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Fostering: The Child’s View, by Nadean Ollech

girl-with-flowerBefore I was ten years old, a stream of children—whose stories ranged from simple to down right horrifying—came through our home.  I was taught to be open, accepting, and to not ask questions as bruises and broken bones are a natural curiosity for youngsters.

There were simple cases such as the overnighter, like the young boy who got lost from his father at the local fair. Since he wasn’t from Canada, the father didn’t know he could go to the police for help. It took a neighbor to convince him that getting separated from a child was not punishable and that we had a system to keep the kids safe until they could be reunited with their families. There were also more complex cases, like the little girl who came to us with a broken nose which was delivered by a hammer from her mother’s boyfriend.

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3 Things My Adoption Has Taught Me, by Merrisa Milliner

baby-girlAfter years of struggling with infertility, my husband and I adopted our first child, a newborn baby girl, a little more than a year ago. The decision was not a “last resort” for us. Interestingly, the topic of adopting came up fleetingly during our premarital counseling five years ago, and we quickly agreed we were open to the idea, not thinking too much of it, because we all tend to assume we will start a family like most people do, right? We made the decision after our second miscarriage, not because we were out of embryos, or the doctor was out of hope, or our bank account was completely out of funds, but because we ran out of heart for it. We were ready to put our energy into something more positive, so we plunged into the process of adoption and never looked back.

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Adoption: The Complicated Family Tree, by Mariette Williams

Canola Flower FieldFour years. That’s how long it had been since I’d been back to visit my family in Canada. After two long flights and layover, my daughter and I finally landed in Calgary.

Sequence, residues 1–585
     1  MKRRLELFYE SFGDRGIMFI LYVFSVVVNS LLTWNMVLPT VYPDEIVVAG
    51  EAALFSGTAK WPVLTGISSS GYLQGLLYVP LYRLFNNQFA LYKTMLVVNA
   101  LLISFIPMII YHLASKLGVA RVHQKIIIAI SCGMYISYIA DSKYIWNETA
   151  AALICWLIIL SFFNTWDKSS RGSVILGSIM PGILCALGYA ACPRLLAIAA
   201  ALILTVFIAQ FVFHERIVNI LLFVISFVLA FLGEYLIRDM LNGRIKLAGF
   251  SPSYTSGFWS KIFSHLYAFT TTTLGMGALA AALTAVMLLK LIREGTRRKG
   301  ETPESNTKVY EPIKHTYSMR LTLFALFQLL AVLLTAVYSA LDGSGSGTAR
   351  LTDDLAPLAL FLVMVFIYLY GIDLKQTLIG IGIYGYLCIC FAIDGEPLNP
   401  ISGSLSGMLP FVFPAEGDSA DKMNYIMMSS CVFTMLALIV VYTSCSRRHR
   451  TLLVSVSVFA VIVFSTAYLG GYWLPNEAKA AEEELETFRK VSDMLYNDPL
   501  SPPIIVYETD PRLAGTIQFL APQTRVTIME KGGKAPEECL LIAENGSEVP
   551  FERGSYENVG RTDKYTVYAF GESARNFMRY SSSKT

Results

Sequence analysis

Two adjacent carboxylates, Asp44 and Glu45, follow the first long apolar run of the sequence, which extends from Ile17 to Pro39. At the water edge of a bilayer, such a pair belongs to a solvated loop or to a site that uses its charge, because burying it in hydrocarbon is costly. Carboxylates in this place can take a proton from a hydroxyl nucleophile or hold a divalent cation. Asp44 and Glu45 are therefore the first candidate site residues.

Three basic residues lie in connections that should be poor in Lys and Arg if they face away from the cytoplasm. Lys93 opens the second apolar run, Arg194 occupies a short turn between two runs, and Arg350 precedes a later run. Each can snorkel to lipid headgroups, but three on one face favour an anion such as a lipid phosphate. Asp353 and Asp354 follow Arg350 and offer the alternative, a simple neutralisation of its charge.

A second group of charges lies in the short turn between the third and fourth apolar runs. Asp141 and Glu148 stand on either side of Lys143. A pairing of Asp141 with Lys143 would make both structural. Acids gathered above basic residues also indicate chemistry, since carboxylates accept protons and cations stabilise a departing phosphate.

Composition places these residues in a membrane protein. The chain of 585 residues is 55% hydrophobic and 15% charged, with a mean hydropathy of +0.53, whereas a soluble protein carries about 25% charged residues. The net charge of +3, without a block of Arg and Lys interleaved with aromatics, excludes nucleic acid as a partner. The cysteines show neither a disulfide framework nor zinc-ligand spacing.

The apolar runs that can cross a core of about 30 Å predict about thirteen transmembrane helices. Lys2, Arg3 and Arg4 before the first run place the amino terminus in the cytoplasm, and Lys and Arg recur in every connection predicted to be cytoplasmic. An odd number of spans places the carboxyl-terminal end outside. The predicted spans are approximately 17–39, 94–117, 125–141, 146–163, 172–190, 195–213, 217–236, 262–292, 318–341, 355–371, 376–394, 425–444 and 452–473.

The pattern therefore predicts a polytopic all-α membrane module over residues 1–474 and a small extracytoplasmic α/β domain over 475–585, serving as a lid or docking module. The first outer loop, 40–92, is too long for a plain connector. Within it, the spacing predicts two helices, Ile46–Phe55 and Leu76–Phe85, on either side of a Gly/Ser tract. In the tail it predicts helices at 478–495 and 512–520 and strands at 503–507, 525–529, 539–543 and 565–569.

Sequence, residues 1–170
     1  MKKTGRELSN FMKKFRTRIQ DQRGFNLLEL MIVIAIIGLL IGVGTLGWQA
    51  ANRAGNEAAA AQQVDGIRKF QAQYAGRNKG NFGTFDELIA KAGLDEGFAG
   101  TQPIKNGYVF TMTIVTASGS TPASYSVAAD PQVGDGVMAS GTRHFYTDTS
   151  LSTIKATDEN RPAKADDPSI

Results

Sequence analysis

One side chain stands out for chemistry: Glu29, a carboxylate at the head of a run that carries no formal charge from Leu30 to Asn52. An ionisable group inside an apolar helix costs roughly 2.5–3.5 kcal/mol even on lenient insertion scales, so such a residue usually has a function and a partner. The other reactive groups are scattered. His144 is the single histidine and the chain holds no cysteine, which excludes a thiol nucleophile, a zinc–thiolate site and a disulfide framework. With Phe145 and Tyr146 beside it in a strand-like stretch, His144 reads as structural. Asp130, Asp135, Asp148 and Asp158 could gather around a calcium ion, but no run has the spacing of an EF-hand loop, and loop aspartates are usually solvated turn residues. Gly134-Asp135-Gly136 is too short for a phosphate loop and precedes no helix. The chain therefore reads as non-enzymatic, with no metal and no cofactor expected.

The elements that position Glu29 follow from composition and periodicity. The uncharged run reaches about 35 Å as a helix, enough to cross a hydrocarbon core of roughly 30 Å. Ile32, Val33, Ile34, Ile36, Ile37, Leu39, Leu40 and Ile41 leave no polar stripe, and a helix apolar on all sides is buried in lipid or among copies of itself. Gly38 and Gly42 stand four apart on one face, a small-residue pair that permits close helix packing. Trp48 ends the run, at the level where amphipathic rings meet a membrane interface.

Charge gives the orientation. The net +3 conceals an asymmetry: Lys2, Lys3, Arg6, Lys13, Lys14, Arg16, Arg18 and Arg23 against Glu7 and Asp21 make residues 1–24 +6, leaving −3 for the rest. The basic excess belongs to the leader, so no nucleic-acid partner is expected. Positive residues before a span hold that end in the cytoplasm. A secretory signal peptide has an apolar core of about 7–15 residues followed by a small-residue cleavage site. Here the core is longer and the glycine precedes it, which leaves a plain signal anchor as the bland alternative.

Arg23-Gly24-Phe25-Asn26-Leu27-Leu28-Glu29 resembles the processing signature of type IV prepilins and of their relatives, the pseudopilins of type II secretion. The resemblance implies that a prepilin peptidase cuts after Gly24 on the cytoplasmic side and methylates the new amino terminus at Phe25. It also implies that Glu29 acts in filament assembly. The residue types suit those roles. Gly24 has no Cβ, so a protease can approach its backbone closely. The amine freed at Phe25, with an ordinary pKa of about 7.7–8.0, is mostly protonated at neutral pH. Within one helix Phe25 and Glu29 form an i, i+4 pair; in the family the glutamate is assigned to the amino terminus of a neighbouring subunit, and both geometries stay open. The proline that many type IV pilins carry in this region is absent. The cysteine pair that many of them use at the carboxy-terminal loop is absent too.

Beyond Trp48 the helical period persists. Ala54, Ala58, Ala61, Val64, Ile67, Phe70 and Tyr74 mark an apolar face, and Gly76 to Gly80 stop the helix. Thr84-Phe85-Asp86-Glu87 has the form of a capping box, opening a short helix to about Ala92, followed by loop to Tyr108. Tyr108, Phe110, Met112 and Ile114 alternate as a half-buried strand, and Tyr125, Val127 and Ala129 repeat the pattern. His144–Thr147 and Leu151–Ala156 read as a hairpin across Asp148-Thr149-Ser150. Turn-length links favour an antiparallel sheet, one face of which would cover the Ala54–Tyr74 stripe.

My sister picked us up, and as we drove away from the airport, we sailed past fields of bright yellow canola flowers and weather beaten silos, the city disappearing behind us. As we breezed along the open highway, I felt something inside me loosen.

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Adoption: Fear & Hope, by Rachel Walls

speaker-1305544_1280-2On paper, I’m just another statistic. A number placed in records of teen pregnancy in small town Mississippi. In reality, my name is Rachel Walls and I am a birth mother.

I was three months from graduating high school when I became pregnant. Terror is a word that falls short of describing what I felt in that moment. With no intention to marry or parent a child, my boyfriend and I were lost and scared. We needed to explore other options. When we began making a pros and cons list for parenting compared with a pros and cons list for adoption, I could see visually what I had felt in my heart from the beginning. The child that I was carrying did not belong to me. Navigating the process was extremely difficult for me but my counselor stood by me every step of the way. After nine months of thoughtful consideration, I conceded that adoption was the best path for all of us. I prayed a lot and I cried a lot. I wrote in a journal every day. I wrote down my thoughts about pregnancy, about her. I wrote down her measurements and heartbeats that were reported at my doctor’s appointments. I passed this on to her when we said goodbye.